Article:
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Meghan Markle and Alexis Ohanian discuss the need for kindness on social media

Time100 Talks: Meghan Markle and Alexis Ohanian
Time100 Talks: Meghan Markle and Alexis Ohanian

In a recent Time100 Talks, Meghan Markle, Duchess of Sussex, and Reddit co-founder Alexis Ohanian spoke about the entrepreneurial and humanitarian need to root hate out of online communities. 

The virtual Q+A is part of a live event series that brings various leaders together to spotlight solutions for global problems. In light of how online our lives are, Markle and Ohanian’s conversation discussed building a better tech industry. 

The Problem

As co-founder of Reddit, Ohanian is no stranger to the toxic conversations that take place online (even the site’s often sexist “Am I the Asshole” thread is pretty light compared to the darkness you can find on the web). And neither is Markle, who has been crucified by gossip rags as a member of the British royal family. She also pointed out a statistic reported by the Wall Street Journal: “64% of people who are joining extremist groups are joining it because it’s recommended to them [online].” Explicit online racism, xenophobia, transphobia, homophobia and more is rampant. But is all of mankind really that terrible?

“Part of this is about building the technology and building the tools to make sure that that small vitriolic, awful group… does not have a platform to spread their beliefs and spread that kind of hate,” Ohanian said. 

In an effort to diversify company leadership, Ohanian stepped down from the board at Reddit and asked to bring on a Black board member. He dove into the bigger issue: 

If we look at the platforms and specifically in technology and in social media that have shaped so much of how we live, how we work, how we play, how we get informed, everything, you know you look at all of us who created those platforms and there is a common thread among all of us. We all look the same. We all had very similar education experiences and backgrounds. And the way that has now played out and manifested fifteen years later is the culmination of frankly a lot of blind spots.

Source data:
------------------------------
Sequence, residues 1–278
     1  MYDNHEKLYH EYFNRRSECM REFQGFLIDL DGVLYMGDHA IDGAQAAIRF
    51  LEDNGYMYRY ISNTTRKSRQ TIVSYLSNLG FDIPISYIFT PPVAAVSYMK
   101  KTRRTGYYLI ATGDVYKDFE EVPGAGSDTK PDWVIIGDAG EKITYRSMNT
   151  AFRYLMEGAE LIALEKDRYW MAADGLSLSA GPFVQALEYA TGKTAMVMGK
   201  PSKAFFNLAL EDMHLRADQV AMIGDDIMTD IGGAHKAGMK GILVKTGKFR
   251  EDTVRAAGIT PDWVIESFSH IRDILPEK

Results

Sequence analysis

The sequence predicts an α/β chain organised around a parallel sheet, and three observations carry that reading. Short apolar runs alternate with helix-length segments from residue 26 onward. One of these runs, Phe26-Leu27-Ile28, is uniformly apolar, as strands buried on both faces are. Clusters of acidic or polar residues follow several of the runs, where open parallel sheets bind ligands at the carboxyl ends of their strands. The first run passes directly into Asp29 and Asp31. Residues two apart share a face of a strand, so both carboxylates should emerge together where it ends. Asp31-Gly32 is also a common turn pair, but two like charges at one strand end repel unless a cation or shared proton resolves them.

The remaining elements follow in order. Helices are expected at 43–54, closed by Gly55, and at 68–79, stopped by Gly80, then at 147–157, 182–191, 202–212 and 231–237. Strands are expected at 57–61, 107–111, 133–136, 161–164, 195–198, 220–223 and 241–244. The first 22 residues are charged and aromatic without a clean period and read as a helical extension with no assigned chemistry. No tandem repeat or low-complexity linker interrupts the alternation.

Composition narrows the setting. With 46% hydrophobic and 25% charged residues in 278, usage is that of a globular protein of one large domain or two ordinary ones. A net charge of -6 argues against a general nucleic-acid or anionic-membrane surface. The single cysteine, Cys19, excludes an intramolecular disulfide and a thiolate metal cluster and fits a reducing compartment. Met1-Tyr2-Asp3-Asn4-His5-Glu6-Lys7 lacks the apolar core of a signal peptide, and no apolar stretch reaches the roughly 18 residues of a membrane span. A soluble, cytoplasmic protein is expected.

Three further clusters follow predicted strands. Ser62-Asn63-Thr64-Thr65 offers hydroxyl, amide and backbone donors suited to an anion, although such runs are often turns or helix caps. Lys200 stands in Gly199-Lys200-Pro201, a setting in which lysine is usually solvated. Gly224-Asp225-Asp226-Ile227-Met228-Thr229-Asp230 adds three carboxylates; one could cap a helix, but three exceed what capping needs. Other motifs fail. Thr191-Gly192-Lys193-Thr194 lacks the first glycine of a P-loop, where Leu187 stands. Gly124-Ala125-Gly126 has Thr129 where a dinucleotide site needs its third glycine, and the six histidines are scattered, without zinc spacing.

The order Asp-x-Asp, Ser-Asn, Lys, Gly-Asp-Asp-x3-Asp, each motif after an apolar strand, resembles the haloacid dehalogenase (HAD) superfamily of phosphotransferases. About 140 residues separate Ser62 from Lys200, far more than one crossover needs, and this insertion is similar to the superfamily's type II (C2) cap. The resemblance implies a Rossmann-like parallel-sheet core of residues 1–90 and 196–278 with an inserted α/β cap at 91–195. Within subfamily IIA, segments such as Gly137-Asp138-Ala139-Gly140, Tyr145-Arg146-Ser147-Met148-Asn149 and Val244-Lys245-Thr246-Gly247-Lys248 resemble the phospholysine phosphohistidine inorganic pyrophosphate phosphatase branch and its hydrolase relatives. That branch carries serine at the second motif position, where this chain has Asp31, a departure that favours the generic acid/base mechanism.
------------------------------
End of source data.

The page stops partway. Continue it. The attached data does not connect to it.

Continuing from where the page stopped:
A needed solution

Despite the pervasive nature of hate online, Markle and Ohanian are optimistic about the ability to remove these noxious overtones. But the time to do so is right now. In breaking down how this problem affects us day-to-day, Ohanian explained:, “There is an impact that it has when you’re used to… scrolling through a news feed of, oh a cute photo of your nephew, oh, you know my uncle just got a promotion and then oh, some weird, some racist conspiracy theory.”

“It conflates it,” Markle affirmed. 

For one, Ohanian stressed a generation will need to be de-radicalized, particularly the frustrated young white men in the U.S. who have “found kinship in dark corners” of the internet. Despite the possibility of hate groups organizing offline, platforms “basically cosign these communities” by allowing their existence. 

The incentive 

Markle and Ohanian were very clear that the mission to evolve digital platforms is out of concern for the greater good of humanity. However, given Ohanian’s entrepreneurial background, he justified this goal as one that is actually good for business. Despite the loudness of online hate, Markle and Ohanian agree that a majority of people online are good, giving reason to why there won’t be a loss in any way to expel such communities. 

Ohanian also noted that diversifying leadership in tech is a necessary financial investment. 

“Companies are going to be more successful the more diversity they have because that means a broader range of ideas,” he said. “We’re seeing more and more studies that show just how healthy that is for boardroom conversations all the way down to the most junior employees to have those diversities of thought and experience.”

Watch the full Q+A here.

Haley Bosselmanhttps://haleybosselman.wordpress.com/
Haley Bosselman is the former editor-in-chief of Culturas. She holds degrees in journalism from Arizona State University and the University of Southern California. Based in Los Angeles, she writes about arts, entertainment and culture.
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